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Viewing cable 08UNVIEVIENNA215, IAEA: HAYWARD DELEGATION TOUR D,HORIZON WITH SENIOR AGENCY OFFICIALS Classified By: Ambassador Gregory L. Schulte for reasons 1.4 b,d and h Summary --------

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Reference ID Created Released Classification Origin
08UNVIEVIENNA215 2008-04-16 10:10 2011-02-01 21:09 CONFIDENTIAL UNVIE

DE RUEHUNV #0215/01 1071030
P 161030Z APR 08
E.O. 12958: DECL: 04/15/2018 
SUBJECT: IAEA: HAYWARD DELEGATION TOUR D,HORIZON WITH SENIOR AGENCY OFFICIALS Classified By: Ambassador Gregory L. Schulte for reasons 1.4 b,d and h Summary --------

1.(SBU) An Interagency delegation led by ISN DAS Mary Alice Hayward held an intensive series of consultations April 7-9 with senior IAEA officials, including DDGs for Management, Safety and Security, Safeguards, Nuclear Energy and Technical Cooperation. The delegation acquired a holistic understanding of key issues in each of these Departments and discussed long-term perspectives for the Agency, including 20/20, with Management DDG Waller and Geneva Group Ambassadors. Safety/Security and Nuclear Energy DDGs addressed growing challenges of nuclear power in the developing world, and sought greater coordination with the U.S. Safety and Security officials saw promise in the Japanese 3S's (Safety, Security, Safeguards) proposal while Nuclear Energy DDG Sokolov stressed the need for economically successful implementation of nuclear power. On TC, Hayward recommended greater transparency and cooperation with the forthcoming GAO visit. EXPO also updated the delegation on Reliable Access to Nuclear Fuel (RANF) proposals and noted continued resistance to including this item on Board agenda.

2.(C) Safeguards DDG Heinonen downplayed Iran's Nuclear Day announcement of 3000 additional centrifuges and discussed verification priorities in Iran. He opined that disablement activities in the DPRK were at a tipping point. Safeguards officials also discussed streamlining and optimizing inspections and looked forward to further discussion of DOE's next generation safeguards initiative. In an eye-opening visit to the Safeguards Analytical Lab (SAL), the delegation became aware of acute safety and security concerns and Heinonen further explained the need for a UHS-SIMS. End Summary.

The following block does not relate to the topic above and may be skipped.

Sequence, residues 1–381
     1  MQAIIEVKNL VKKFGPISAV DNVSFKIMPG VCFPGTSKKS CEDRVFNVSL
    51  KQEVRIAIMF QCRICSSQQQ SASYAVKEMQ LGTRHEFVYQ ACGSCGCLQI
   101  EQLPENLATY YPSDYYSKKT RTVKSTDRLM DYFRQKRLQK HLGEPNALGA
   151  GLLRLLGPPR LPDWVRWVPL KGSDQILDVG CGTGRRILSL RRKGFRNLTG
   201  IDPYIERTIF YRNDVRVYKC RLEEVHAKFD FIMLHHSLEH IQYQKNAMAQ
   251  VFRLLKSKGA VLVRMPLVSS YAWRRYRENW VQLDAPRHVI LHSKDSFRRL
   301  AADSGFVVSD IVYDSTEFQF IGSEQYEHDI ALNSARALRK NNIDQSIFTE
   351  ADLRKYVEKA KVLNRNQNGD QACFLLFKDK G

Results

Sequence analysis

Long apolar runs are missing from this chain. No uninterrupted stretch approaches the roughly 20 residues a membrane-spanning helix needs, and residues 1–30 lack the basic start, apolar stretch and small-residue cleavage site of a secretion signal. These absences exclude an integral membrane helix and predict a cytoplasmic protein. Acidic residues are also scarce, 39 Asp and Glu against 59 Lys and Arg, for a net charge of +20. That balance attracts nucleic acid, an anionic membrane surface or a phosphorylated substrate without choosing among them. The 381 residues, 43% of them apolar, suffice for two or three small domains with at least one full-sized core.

3.(SBU) Delegation members: DAS Hayward Ambassador Ragsdale (ISN/MNSA) Dr. Susan Koch (T) Laura Gross, Director, Combating WMD Policy, OSD Cynthia Lersten, Assoc Asst Deputy Administrator NNSA Dr. Karen Henderson, Senior Foreign Policy Advisor, NRC 20/20 and Management/Safeguards

Issues --------------------------------------

4.(SBU) DDG Management David Waller provided DAS Hayward and the Interagency delegation an overview of the Agency's long-term perspectives April 7. He thanked the U.S. for its generous support to the IAEA and underlined the importance of TC for most of the 149 IAEA member-states. He then reviewed the Atoms for Peace "Grand Bargain" and the development of the Agency's responsibilities. Waller also noted that the IAEA is headquarters-centric, compared to other UN organizations, with only four offices outside of Austria -- liaison offices in Geneva and regional safeguards offices in Toronto and Japan. 5.(SBU) Regarding 20/20, Waller said the exercise was the result of the DG's attempt to look beyond the two-year budget cycle and that zero real growth is irresponsible for an Agency with a growing mandated workload. The DG selected Zedillo as Chair and the former Mexican President has participated enthusiastically. Following the recent meeting of Commissioners, a new draft is due which will be reviewed and then shared with the DG. The first discussion of 20/20 is expected at the June Board while the GC Special Event will likely be used as a venue for further discussion. Hayward noted, in particular, the need for increased transparency at the IAEA as well as enhancement of the Agency's technical capacity. She advised that 20/20 focus on what can be done. Waller agreed but observed that some Commission members may not share that perspective. He suggested that the next 20/20 draft would be more balanced in focusing on the Agency's actual activities.